On the first day of school in Guilford County, the countywide software solution to distance learning crashed when everybody tried to log on at 9 a.m.
In Chapel Hill, clusters of COVID-19 outbreaks in dormitories and a fraternity — all but two of the Sigma Nus in residence tested positive, according to the Daily Tar Heel — necessitated an emergency meeting on Monday, with the rest of the semester hanging in the balance. All classes have moved online. Another cluster at an NC State off-campus residence put that school on notice.
COVID-19 is ravaging our jails and our assisted-living communities. It’s running through our factories, our restaurants, our churches. It comes with a cost.
We have given up so much this summer: live music, movie theaters, block parties, street festivals, family reunions, travel, weddings, live sports… all those things. It’s affected how we live, but also why we live, as those things we enjoy so often involve being around others.
It’s disrupted everything. And if we’re being real, we must acknowledge that there’s no end in sight.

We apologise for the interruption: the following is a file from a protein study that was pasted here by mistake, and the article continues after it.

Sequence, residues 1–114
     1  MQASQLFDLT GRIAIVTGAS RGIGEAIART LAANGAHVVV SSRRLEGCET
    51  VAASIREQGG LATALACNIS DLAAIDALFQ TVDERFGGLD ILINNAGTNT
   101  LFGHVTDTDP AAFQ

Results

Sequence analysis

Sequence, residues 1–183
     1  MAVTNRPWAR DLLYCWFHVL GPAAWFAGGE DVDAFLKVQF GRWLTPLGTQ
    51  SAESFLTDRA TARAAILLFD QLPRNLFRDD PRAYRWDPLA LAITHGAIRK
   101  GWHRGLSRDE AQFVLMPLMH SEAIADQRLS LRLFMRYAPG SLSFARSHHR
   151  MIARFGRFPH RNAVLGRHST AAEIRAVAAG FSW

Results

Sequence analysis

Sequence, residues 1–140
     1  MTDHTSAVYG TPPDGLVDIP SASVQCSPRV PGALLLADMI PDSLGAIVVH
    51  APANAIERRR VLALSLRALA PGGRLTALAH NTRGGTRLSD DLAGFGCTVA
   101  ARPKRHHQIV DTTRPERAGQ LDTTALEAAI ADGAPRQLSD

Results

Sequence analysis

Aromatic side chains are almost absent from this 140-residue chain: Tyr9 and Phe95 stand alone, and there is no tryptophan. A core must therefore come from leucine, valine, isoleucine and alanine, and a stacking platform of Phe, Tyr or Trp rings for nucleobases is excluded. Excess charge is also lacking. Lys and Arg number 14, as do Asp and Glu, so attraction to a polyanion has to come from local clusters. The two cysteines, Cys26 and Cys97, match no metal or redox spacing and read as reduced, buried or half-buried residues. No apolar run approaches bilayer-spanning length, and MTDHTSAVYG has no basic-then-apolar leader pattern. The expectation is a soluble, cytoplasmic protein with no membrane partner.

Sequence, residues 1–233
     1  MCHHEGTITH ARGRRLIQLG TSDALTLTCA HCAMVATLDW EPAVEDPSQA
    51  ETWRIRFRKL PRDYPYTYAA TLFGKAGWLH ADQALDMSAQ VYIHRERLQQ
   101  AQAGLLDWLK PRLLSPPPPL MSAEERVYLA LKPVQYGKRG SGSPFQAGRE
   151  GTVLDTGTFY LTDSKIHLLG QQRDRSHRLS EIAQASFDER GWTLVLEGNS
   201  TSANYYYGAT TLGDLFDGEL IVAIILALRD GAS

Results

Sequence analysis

But how did this pandemic catch us so flat-footed? It was almost as is no one ever asked the question before: What if we get a super-virus that causes a global pandemic? What then?
Seriously, there’s got to be at least 50 movies and hundreds of pieces of post-apocalyptic fiction that posit this very premise. Surely some government agency somewhere on the planet made a playbook for this. Right?
The short answer is: Yes. New Zealand had one and famously defeated the virus a couple months ago, going 102 days without a new case — until this week, when a new cluster of cases was discovered in Auckland.
The United States had a plan, too. Barack Obama created a Pandemic Response Team and a playbook for just this sort of thing, which the current administration totally ignored.
Still — that doesn’t explain the lack of preparedness in local government, higher education, manufacturing and even healthcare, which has been strained for resources from the beginning.
We weren’t set up for this, because so much of what we do involves being together in large groups. We weren’t ready for this, which has been obvious from the start, because we never allowed for the possibility.
And now, five months into the global coronavirus pandemic, a vaccine far on the horizon and our battle losses mounting, we still don’t know what to do.
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